Elongated Stars – a very complex problem to solve

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Elongated Stars – a very complex problem to solve

| Troubleshooting | May 25, 2013

For those of you who have been following my blog, you know that have been experiencing difficulties with being able to capture images with nice round and tight stars (i.e. sharper images).

There are many factors that can contribute to image quality. If one or more of these factors are present in your setup. You can end up with elongated stars and less sharp images. The following diagram illustrates the various factors affecting image quality. Some of these factors contribute to star elongation.

In my particular case, I was afflicted with the following ones:

  1. Flexure of the optical train (i.e. focuser drawtube sagging under gravity)
  2. differential flexure (my guiding scope/camera rig was not attached securely enough to the main imaging scope)
  3. And finally, focal length of the guide scope being not long enough for the main imaging scope
    1. There have been many discussion on many forums trying to address this question (i.e. how long the focal length of the guidescope should be compared to the main imaging scope focal length). I will not re-start a discussion about this here. What I did is test with my own equipment if I would get better results with a longer focal length guidescope by using a simple 2X barlow in front of the guiding camera.

The following image was taken while guiding at 960mm (Starshoot Autoguider, 480mm focal length guidescope and a 2X Celestron barlow). Finally, the stars are very round and compact.

Here is the more “technical” part of this post.

  • Imaging scope focal length: 1625mm
  • Imaging camera pixel size: 5.4 X 5.4 Microns
  • Image scale (i.e. area of sky seen by each pixel): 0.685″ (arc-second)


  • Guiding scope focal length: 480mm
  • Guiding camera pixel size: 5.2 X 5.2 Microns
  • Image scale: 2.235″
  • Image scale with 2X barlow (assuming 960mm focal length): 1.117″

Using the 2X barlow, I was able to guide within ± 1 pixel. The guiding was therefore within 2.234″ (i.e. 2 pixels X 1.117″)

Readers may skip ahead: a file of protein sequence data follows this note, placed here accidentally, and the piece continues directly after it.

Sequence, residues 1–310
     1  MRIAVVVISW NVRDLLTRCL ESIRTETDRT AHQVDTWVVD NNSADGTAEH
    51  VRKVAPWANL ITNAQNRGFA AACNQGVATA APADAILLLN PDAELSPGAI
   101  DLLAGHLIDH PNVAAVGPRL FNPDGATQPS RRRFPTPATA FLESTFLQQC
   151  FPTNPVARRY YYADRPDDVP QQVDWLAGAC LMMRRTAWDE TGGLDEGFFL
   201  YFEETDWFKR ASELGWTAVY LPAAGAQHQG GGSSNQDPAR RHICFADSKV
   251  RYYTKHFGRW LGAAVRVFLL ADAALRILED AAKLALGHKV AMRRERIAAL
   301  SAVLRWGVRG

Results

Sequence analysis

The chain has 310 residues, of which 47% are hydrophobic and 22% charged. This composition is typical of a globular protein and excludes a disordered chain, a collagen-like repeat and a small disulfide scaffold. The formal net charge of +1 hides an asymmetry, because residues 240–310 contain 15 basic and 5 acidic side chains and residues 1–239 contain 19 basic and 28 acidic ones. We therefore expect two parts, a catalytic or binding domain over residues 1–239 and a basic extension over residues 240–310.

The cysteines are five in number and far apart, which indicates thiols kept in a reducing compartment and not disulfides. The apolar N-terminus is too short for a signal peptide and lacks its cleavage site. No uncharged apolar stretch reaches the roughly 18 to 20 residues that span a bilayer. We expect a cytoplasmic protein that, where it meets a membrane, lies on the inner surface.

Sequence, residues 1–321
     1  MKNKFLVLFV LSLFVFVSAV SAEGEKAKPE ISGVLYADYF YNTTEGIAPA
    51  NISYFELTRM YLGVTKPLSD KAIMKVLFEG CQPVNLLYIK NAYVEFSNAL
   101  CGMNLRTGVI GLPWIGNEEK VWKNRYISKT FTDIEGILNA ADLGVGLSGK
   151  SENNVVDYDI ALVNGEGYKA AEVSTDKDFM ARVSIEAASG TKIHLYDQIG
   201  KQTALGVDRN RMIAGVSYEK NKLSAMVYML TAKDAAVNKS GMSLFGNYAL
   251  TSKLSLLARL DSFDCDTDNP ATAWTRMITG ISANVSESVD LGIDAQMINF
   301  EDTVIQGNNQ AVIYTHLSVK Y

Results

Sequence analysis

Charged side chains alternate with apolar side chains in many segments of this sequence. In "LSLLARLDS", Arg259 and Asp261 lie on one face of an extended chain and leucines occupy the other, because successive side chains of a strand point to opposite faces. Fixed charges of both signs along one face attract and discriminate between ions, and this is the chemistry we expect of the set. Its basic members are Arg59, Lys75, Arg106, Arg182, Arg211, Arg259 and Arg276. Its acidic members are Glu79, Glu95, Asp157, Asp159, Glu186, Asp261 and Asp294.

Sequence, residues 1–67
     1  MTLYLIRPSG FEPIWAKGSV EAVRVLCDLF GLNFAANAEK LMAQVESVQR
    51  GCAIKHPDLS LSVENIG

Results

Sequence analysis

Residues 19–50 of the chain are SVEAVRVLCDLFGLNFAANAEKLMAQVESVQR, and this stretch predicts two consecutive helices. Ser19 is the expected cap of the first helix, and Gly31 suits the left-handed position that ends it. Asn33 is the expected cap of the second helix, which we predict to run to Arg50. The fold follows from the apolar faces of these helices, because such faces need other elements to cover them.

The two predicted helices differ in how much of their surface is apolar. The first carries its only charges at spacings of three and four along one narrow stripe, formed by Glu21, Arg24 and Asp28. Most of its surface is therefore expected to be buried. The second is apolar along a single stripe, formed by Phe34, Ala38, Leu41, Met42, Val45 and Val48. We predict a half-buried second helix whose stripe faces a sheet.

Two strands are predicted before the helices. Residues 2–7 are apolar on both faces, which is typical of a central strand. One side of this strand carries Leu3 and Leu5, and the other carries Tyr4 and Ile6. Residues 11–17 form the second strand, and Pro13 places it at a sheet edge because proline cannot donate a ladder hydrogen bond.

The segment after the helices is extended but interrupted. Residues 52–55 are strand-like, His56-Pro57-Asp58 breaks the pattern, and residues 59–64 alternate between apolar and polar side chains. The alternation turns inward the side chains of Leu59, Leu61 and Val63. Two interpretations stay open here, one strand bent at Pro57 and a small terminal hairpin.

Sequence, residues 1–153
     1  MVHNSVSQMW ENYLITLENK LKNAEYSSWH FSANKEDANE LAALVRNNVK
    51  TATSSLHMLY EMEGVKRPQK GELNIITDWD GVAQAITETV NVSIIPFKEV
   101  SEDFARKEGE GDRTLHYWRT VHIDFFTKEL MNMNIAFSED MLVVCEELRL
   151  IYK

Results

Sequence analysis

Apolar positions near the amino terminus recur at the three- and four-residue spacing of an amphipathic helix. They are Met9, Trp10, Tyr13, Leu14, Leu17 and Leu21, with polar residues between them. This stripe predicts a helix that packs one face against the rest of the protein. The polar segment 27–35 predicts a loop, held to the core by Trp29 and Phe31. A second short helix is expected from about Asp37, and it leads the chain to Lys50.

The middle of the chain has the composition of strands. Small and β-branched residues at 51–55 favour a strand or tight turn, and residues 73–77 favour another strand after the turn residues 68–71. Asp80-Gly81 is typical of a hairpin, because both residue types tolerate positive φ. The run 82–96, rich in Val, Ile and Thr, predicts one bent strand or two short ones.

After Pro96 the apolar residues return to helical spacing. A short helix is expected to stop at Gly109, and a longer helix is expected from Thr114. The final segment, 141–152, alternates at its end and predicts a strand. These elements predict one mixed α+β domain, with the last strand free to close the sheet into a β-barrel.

This means that the imaging scope/camera were guided within 3.26 pixels (i.e. 2.234 / 0.685).

Without the barlow (i.e. guiding at 480mm), the imaging scope/camera were guided within 6.53 pixels.

3.26 pixels of movement vs. 6.53 makes a lot of difference in the resulting image star shapes as seen in the image above.

However, doubling the focal length with a barlow lens also means that the f-ratio gets higher (i.e. less light entering the guiding camera at f12 than f6).  The guiding camera I was using is the Orion Starshoot Autoguider. This is a good guiding camera, however, its sensitivity is somewhat limited. At f12 it became a lot more difficult to find guidstars in the guidescope field of view due to this loss in luminosity. Here is how I am currently addressing this:

  1. Sold the Starshoot camera.
  2. Bought a more sensitive one from QHYCCD (QHY5L-II monochrome). This camera is about 3 times more sensitive than the other according to the chip manufactuers specs. I haven’t received it yet.

I will post further results once the camera is here and when the sky clears for a test shot.

Thanks for reading this never-ending journey.

Clear sky!

About the author

You can call me Frank. I've been an amateur astronomer since 1988. In 2004, I purchased my first astrophotography equipment. In 2008, I built my own observatory. I cannot count the number of hours I have spent building, learning and trying. It as been a humbling experience that I hope will continue for a lifetime.

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